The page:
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How to Build a Composting Toilet of Your Own

Composting isn't just an environmentally friendly way of reducing landfill, but also a means of saving money and becoming self-sufficient. If you build a composting toilet of your own, you will use less water, do less environmental damage, and have leftover fertilizer to improve your garden.

Composting toilets make use of the concept that 90% of your excretions are water. Once you evaporate that water, there is only a little bit of waste material left to be broken down and converted into usable fertilizer. The process quickly removes the smell that most people fear will be present with such a toilet. The only exception to this is freezing weather, which can drastically slow the evaporation and breakdown of human waste. Some additives can help the process move along faster. If you've ever built anything by yourself, you won't find that it is difficult to build a composting toilet of your own.

Build a Composting Toilet

  1. However large you think the composting area should be, plan for an area even larger. The extra room will move the breakdown process along more quickly.

  2. You need to purchase some tools, a five gallon buck, 3/4"plywood, and a toilet seat.

  3. Put a hole equal to the opening on the five gallon bucket in a piece of plywood that is 18"x18".

  4. Hinge an 18"x3"piece of plywood to the 18"x18"piece of plywood.

  5. Use the plywood to build a box that is 21"x18"x10" You will use screws to attach the 18"x3"piece of plywood to the top of it so that the larger plywood piece can be lifted.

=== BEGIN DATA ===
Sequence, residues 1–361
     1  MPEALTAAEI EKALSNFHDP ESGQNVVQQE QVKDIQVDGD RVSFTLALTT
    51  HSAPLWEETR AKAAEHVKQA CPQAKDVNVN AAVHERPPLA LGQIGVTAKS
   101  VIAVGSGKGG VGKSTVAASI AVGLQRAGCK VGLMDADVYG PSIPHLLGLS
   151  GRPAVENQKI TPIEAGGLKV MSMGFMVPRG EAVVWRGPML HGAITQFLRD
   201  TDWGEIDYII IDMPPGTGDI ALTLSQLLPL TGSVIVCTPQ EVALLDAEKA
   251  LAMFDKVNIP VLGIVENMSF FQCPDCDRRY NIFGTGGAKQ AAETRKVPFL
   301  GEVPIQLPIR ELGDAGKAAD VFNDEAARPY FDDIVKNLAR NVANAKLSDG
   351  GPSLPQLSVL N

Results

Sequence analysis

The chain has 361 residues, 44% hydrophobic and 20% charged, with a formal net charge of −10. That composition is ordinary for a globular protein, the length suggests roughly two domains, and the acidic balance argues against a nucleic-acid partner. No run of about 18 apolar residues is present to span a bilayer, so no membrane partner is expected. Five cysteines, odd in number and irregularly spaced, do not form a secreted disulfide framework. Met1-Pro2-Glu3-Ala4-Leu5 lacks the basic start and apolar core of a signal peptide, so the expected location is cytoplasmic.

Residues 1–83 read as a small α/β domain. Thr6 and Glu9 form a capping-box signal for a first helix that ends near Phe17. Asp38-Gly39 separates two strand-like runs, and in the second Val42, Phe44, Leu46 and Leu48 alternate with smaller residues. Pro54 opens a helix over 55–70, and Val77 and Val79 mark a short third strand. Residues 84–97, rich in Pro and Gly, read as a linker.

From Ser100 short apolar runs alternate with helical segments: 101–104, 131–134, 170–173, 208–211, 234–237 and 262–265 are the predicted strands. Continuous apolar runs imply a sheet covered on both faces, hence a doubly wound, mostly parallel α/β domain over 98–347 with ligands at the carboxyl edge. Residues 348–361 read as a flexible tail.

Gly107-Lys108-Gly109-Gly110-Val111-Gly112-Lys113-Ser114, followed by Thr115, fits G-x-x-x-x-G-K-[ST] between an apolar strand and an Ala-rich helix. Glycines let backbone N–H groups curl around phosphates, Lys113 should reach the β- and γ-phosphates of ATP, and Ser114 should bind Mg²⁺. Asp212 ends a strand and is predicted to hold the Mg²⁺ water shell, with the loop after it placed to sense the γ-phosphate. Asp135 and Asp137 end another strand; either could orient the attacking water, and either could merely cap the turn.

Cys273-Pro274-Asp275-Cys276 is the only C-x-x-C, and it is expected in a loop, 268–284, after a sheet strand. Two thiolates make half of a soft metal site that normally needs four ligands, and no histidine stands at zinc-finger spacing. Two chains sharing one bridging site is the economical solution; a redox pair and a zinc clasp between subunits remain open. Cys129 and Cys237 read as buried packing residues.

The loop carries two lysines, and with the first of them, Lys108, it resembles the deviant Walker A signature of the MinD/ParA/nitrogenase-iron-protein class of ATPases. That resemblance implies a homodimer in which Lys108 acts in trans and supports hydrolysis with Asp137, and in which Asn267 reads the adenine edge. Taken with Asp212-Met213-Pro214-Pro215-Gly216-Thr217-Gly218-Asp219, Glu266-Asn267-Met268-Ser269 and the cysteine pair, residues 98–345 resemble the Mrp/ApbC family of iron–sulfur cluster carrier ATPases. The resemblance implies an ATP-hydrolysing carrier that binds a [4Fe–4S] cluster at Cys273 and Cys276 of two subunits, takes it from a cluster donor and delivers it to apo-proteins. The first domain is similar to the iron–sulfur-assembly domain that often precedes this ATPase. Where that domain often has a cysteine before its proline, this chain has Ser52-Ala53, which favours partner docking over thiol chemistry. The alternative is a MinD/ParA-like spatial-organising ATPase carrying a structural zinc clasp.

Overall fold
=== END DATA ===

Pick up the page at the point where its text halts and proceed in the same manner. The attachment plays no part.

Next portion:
6. The leg height should be set so that the bucket protrudes 1/2"through the top of the box. Once this height is set the legs can be screwed down inside the box.

  7. The toilet seat should be placed so that the bucket will rest against the underside of the edge of the toilet seat opening. Once the seat is placed, screw the seat down to the box.

  8. All of the wood on your composting toilet needs to be stained and varnished before you put the bucket in the box.

Your Composting Bin

You need more than just a toilet seat and a box to complete your project. You also need a composting bin where the breakdown of waste into usable fertilizer will occur. This bin should have a biodegradable cover for the process to be effective. You can use old leaves, straw, hay, sawdust, or weeds as a covering. A thermometer is a good idea to monitor the heat generated by the breakdown process. You need to do some general research about composting if you are not already very familiar with the process.


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